A cathedral chorister's life is a hectic one. Daily rehearsals and liturgies, schoolwork, instrument and vocal lessons and practice are just some of the things on their agenda each day. But since the end of March the choristers of the Metropolitan Cathedral, just like those from other Cathedrals, have been silent.
Well, they haven’t quite been silent, and in fact our choristers have been working hard away from the Cathedral. During lockdown and through to the end of July, our choristers were taking part in daily rehearsals and theory sessions on Zoom with Cathedral music staff. A great deal was achieved during this time; however, the raison d'etre of a Cathedral chorister is to sing at liturgies in their Cathedral.
In July, when government guidance permitted it, the Cathedral began welcoming the congregation to Mass once again, and over the summer music was provided by a cantor and organist at the main Sunday Masses. On 13 September we were excited for the first time to have a small vocal ensemble of four singers leading the music at the Solemn Mass. Judging by the emails received and comments made on the livestream, the return of vocal music at Mass was indeed welcome, enabling people to more deeply enter into the liturgical celebration. Gradually, we plan to increase the number of adult singers leading the music at Sunday Mass.
Before we were able to reintroduce choral music, hours of time, effort and planning were spent drawing up risk assessments to allow the singers to contribute their artistry to the Sunday Mass safely. Among other things, this means ensuring that all adult singers are spaced two metres apart, not sharing music and not singing over-loudly.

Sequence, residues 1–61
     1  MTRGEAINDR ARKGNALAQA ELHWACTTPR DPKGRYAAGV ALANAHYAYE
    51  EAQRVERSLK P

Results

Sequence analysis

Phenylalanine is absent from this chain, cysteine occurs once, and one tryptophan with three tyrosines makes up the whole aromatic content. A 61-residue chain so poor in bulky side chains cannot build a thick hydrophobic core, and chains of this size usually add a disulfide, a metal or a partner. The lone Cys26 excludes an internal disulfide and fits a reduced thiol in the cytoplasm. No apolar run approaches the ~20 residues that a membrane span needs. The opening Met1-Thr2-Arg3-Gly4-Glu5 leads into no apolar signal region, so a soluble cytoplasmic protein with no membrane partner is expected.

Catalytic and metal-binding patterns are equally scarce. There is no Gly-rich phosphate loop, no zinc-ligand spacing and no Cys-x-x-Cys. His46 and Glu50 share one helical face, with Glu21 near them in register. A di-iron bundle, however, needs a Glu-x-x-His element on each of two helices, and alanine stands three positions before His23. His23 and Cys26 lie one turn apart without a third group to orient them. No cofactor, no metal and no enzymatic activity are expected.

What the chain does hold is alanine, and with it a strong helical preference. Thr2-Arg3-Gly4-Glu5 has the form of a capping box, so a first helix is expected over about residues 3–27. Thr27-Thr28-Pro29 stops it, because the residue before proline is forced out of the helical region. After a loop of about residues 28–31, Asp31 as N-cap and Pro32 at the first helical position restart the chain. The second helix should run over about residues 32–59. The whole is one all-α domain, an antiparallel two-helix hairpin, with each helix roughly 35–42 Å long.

Even more planning has gone into planning the safe return of our choristers to singing. Unlike many other English Cathedrals, where full daily choral services have resumed, we have decided to take a very cautious approach to returning our choristers to their role in leading the sung liturgy in our Cathedral.
From 22 September the choristers began rehearsing on a daily basis in our two choir schools: Runnymede St Edward’s and St Edward’s College. Having not sung together for six months, we have planned a full five weeks of rehearsals in school before we consider whether they are ready to sing once again in the Cathedral. Choristers operate very much as a team, and although they have been working together via Zoom, nothing can replicate the joy and experience of singing together in the same space. I hope that in November we will have news of when our choristers will be returning to singing in the Cathedral for Mass.
The streaming of Mass on the internet via Facebook and YouTube has become an important means of evangelisation during the last six months for Catholic parishes worldwide. Viewer numbers for Masses broadcast from the Cathedral have been among the highest in the UK, so it was decided to invest in permanent equipment in the Cathedral to allow for the continued streaming of liturgical events. As part of this installation a camera has been fixed in the choir area, along with high-specification microphones. It is our hope that these new facilities will enable the ministry of the choir to be shared beyond the walls of the Cathedral, among people throughout the country and indeed the world, allowing us to (virtually) echo Psalm 117 – to ‘Go out to the whole world and proclaim the good news’.